Pecheles Automotive Compares 2018 Hyundai Tucson VS 2018 Mazda CX-5 Near Washington, NC

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2018 Hyundai Tucson

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2018 Hyundai Tucson

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2018 Mazda CX-5

Safety Comparison

Compared to metal, the Tucson’s plastic fuel tank can withstand harder, more intrusive impacts without leaking; this decreases the possibility of fire. The Mazda CX-5 has a metal gas tank.

Both the Tucson and the CX-5 have standard driver and passenger frontal airbags, front side-impact airbags, side-impact head airbags, front seatbelt pretensioners, front wheel drive, height adjustable front shoulder belts, four-wheel antilock brakes, traction control, electronic stability systems to prevent skidding, rearview cameras, available all wheel drive, crash mitigating brakes, daytime running lights, lane departure warning systems, blind spot warning systems, rear parking sensors and rear cross-path warning.

Warranty Comparison

The Tucson comes with a full 5-year/60,000-mile basic warranty, which covers the entire truck and includes 24-hour roadside assistance. The CX-5’s 3-year/36,000-mile basic warranty expires 2 years and 24,000 miles sooner.

Hyundai’s powertrain warranty covers the Tucson 5 years and 40,000 miles longer than Mazda covers the CX-5. Any repair needed on the engine, transmission, axles, joints or driveshafts is fully covered for 10 years or 100,000 miles. Coverage on the CX-5 ends after only 5 years or 60,000 miles.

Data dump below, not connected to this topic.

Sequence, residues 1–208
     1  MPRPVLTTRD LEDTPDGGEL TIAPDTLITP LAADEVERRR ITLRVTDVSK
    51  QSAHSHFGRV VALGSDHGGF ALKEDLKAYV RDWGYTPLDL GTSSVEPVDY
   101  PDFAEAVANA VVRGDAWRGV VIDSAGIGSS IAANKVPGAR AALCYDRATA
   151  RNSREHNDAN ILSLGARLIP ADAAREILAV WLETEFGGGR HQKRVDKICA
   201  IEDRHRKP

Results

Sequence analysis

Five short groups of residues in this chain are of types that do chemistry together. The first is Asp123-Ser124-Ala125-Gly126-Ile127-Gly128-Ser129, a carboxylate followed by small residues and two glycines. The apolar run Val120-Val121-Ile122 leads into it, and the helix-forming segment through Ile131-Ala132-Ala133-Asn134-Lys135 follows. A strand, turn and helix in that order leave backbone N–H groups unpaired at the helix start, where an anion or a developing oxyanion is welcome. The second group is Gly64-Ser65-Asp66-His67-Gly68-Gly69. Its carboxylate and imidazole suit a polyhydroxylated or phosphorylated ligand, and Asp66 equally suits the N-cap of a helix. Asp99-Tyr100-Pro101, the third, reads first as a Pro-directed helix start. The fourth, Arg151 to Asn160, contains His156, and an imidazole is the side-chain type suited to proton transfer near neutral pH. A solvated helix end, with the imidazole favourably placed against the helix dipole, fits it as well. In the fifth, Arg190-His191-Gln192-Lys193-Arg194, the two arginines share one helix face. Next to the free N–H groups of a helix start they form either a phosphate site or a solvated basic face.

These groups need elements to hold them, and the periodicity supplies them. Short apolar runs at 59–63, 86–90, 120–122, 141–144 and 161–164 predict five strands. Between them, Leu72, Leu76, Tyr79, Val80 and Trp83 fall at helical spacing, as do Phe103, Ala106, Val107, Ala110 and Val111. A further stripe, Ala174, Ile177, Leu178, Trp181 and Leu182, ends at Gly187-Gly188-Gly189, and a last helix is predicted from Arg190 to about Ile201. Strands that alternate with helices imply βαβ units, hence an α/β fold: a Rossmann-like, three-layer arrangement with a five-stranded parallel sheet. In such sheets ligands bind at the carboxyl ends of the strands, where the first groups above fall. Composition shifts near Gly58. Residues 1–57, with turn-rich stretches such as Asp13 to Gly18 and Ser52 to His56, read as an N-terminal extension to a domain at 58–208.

The Tucson’s corrosion warranty is 2 years longer than the CX-5’s (7 vs. 5 years).

There are over 37 percent more Hyundai dealers than there are Mazda dealers, which makes it easier should you ever need service under the Tucson’s warranty.

Reliability Comparison

J.D. Power and Associates’ 2017 Initial Quality Study of new car owners surveyed provide the statistics that show that Hyundai vehicles are better in initial quality than Mazda vehicles. J.D. Power ranks Hyundai 6th in initial quality, above the industry average. With 37 more problems per 100 vehicles, Mazda is ranked 27th, below the industry average.

J.D. Power and Associates’ 2016 survey of the owners of three-year-old vehicles provides the long-term dependability statistics that show that Hyundai vehicles are more reliable than Mazda vehicles. J.D. Power ranks Hyundai 19th in reliability. With 5 more problems per 100 vehicles, Mazda is ranked 21st.

Engine Comparison

The Tucson Value/Limited’s standard 1.6 turbo 4 cyl. produces 9 lbs.-ft. more torque (195 vs. 186) than the CX-5’s 2.5 DOHC 4 cyl.

As tested in Motor Trend the Tucson 1.6T is faster than the Mazda CX-5:




Zero to 60 MPH

7.9 sec

8.7 sec

Quarter Mile

16.2 sec

16.7 sec

Speed in 1/4 Mile

85.5 MPH

78.3 MPH

Fuel Economy and Range Comparison

The Tucson has 1.6 gallons more fuel capacity than the CX-5 FWD’s standard fuel tank (16.4 vs. 14.8 gallons), for longer range between fill-ups. The Tucson has 1.1 gallons more fuel capacity than the CX-5 AWD’s standard fuel tank (16.4 vs. 15.3 gallons).

Brakes and Stopping Comparison

For better stopping power the Tucson’s brake rotors are larger than those on the CX-5:




Front Rotors

12 inches

11.7 inches

The Tucson stops much shorter than the CX-5:





60 to 0 MPH

118 feet

136 feet

Motor Trend